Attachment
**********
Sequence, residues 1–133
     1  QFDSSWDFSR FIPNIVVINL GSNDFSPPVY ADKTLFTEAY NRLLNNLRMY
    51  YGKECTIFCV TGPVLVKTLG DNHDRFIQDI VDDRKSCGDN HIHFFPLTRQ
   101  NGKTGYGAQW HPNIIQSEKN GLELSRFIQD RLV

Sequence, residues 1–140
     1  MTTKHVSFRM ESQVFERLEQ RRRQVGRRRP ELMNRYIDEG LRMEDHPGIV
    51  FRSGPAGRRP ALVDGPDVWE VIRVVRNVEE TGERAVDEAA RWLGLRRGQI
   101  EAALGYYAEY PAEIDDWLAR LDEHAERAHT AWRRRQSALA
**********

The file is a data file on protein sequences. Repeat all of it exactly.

Sequence, residues 1–133
     1  QFDSSWDFSR FIPNIVVINL GSNDFSPPVY ADKTLFTEAY NRLLNNLRMY
    51  YGKECTIFCV TGPVLVKTLG DNHDRFIQDI VDDRKSCGDN HIHFFPLTRQ
   101  NGKTGYGAQW HPNIIQSEKN GLELSRFIQD RLV

Sequence, residues 1–140
     1  MTTKHVSFRM ESQVFERLEQ RRRQVGRRRP ELMNRYIDEG LRMEDHPGIV
    51  FRSGPAGRRP ALVDGPDVWE VIRVVRNVEE TGERAVDEAA RWLGLRRGQI
   101  EAALGYYAEY PAEIDDWLAR LDEHAERAHT AWRRRQSALA